A Sheriff’s Office detective, along with deputies, responded to the scene. The investigation is ongoing, but currently there is no evidence to suggest foul play.
Submitted by Brent Shrum
Zoom in with Troy City Council
On Wednesday, April 15 at 7 p.m. the Troy City Council convened via Zoom for their monthly meeting. Connected from their homes were Mayor Dallas Carr, City Clerk Tracy Rebo, Councilwomen Crystal Denton and Shawna Kelsey, and Councilman T.J. Boswell. Zoom is a free platform for video-based conference calling.
There were no public comments, so the council moved on to other agenda items. The council was grateful that a $500 donation was received by Troy Parks and Recreation for fertilizer. Planned training sessions that have recently been canceled due to Coronavirus were discussed, and so was a bill for Public Works Foreman Dave Friedman to have his work truck repaired. All claims on the agenda were approved.
Topics transcended to a review of the work meeting of March 11. Guests for the work meeting included Jeff Staska, John Clogston, Mike Lee, and Stacy Shaffer. Mayor Carr explained that Mr. Staska wants to put in two RV camping spots on his property at 394 Riverside Avenue. Currently, due to City Code 4.4.7 5C (2) he is unable to do so. Staska seeks permission to put spots on his property for a limited service/ dependent vehicle RV park. Discussion followed concerning licensing, and making sure the septic system and RV safe chemical usage would not negatively affect the sewer lagoon system.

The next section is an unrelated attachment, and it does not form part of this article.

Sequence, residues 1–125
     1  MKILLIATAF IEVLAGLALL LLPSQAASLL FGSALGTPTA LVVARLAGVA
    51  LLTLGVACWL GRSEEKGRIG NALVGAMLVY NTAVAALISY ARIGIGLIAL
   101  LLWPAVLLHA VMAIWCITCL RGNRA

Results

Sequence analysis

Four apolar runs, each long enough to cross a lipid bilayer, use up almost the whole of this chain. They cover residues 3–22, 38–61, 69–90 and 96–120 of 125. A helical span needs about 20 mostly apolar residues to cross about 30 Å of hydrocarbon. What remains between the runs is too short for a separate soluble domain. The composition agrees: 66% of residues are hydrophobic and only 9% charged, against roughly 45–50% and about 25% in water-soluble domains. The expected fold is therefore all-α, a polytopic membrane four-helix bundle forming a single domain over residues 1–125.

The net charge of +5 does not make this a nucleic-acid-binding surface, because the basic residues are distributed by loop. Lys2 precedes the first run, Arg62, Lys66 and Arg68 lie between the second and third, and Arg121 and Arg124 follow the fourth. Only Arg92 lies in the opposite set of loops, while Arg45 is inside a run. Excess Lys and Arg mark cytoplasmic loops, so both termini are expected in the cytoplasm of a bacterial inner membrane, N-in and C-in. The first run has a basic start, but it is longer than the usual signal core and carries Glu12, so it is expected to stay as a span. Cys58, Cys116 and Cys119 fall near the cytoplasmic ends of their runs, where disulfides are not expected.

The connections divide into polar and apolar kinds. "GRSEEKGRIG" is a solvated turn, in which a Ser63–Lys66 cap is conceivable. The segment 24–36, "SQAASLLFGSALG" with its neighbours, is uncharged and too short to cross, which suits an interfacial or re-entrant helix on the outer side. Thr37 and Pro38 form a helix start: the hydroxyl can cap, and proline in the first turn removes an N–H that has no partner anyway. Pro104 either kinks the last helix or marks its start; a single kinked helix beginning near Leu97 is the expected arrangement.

Planning Board confirmation of members was discussed, then put on the March 18 agenda. At this point, Kate Arpin, Penny Robins, Don Meyer, Shawna Kelsey, Bruce Clark, Doug Killingsworth, and Lynn Ward have all volunteered to serve on the Planning Board.
Next, the team talked about the Janitorial Contract which was due to expire on March 31. Mentioned were the number of times areas needed to be cleaned per week, and the possibility of putting this contract out to bid. A DOT mini grant was discussed, and the $5,000 would help pay for extra help during busy times and celebrations.
A COPS (Community Oriented Policing Services) grant was submitted with hopes to fund a fourth City Officer. A scholarship for Deputy Clerk training was received and greatly appreciated. Also, writing up a Food Pantry agreement was mentioned. Concerns are electric load of freezers and refrigerators as they pertain to safety issues. All meeting minutes were approved.